Asking others for help

You may want to do all that is possible to help, especially at first. If the condition of the person you’re caring for changes over time, you may have to take on more tasks, which can make it harder to cope.

Some carers say they feel as though they have failed if they can’t manage all the responsibilities of caring by themselves. Others worry that asking for help will be interpreted as a sign that they are not coping with caring, and their role will be taken away. You may feel that everything should be provided by the family and that outside help is not necessary.

Asking for and accepting assistance is sometimes difficult. You may find it hard to let others know what help you need. If you seem to be coping with everything, family and friends may not realise you need help. They may be waiting for you to ask for help because they don’t know how to offer or fear they will be intruding or disturbing you.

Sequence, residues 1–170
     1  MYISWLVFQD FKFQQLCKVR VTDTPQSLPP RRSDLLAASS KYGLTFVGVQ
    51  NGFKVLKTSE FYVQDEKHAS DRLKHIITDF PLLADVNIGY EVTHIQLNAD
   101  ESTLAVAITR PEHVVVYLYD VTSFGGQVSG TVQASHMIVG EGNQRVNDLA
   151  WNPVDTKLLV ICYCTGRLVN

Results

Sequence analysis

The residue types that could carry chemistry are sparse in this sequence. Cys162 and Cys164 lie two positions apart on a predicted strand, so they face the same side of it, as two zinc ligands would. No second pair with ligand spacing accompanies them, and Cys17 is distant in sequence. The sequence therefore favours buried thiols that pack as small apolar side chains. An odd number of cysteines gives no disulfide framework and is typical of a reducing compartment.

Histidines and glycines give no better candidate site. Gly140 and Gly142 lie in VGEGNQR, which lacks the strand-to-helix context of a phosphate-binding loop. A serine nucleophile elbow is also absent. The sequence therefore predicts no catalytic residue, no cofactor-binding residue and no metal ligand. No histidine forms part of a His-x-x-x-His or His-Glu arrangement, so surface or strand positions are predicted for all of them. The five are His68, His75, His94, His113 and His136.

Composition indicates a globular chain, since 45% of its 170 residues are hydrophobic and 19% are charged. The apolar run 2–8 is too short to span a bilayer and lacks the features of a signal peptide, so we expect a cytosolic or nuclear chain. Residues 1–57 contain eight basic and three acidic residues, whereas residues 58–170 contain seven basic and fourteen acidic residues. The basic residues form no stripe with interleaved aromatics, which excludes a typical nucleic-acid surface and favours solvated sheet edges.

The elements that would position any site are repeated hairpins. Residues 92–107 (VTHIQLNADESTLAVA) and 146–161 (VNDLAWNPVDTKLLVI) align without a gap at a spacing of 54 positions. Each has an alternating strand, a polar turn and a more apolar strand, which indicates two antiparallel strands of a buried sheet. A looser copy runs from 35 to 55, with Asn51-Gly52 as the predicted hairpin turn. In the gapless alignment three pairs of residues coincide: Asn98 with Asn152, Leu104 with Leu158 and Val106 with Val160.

Some ways you can determine what needs to be done and who could help:

  • Write down everything that you do each day.
  • Ask yourself what things the person you care for wants only you to do. For example, the person may be most comfortable with you assisting them with toileting or showering.
  • Consider the tasks that are the easiest to delegate or share.
  • Think about specific tasks you enjoy or are particularly good at. You may want to do these things and allocate other responsibilities.

Setting boundaries and limitations

To establish a happy and long-lasting caring relationship, it may help to set boundaries. Outline what you are comfortable helping with, the level of workload you can manage, and what your own needs are. The help of family, friends or support services can be used to fill the gaps. For example, if you find it uncomfortable or are physically unable to wash or provide intimate care to the person you care for, talk to a community nurse about providing this care.

What about the person I care for?

Many people being cared for look forward to a change from their usual care arrangements as much as their carers do. However, sometimes the person with cancer may not want you to take a break, because they’re worried about what it means for them. Explaining how a break will benefit both of you may help.

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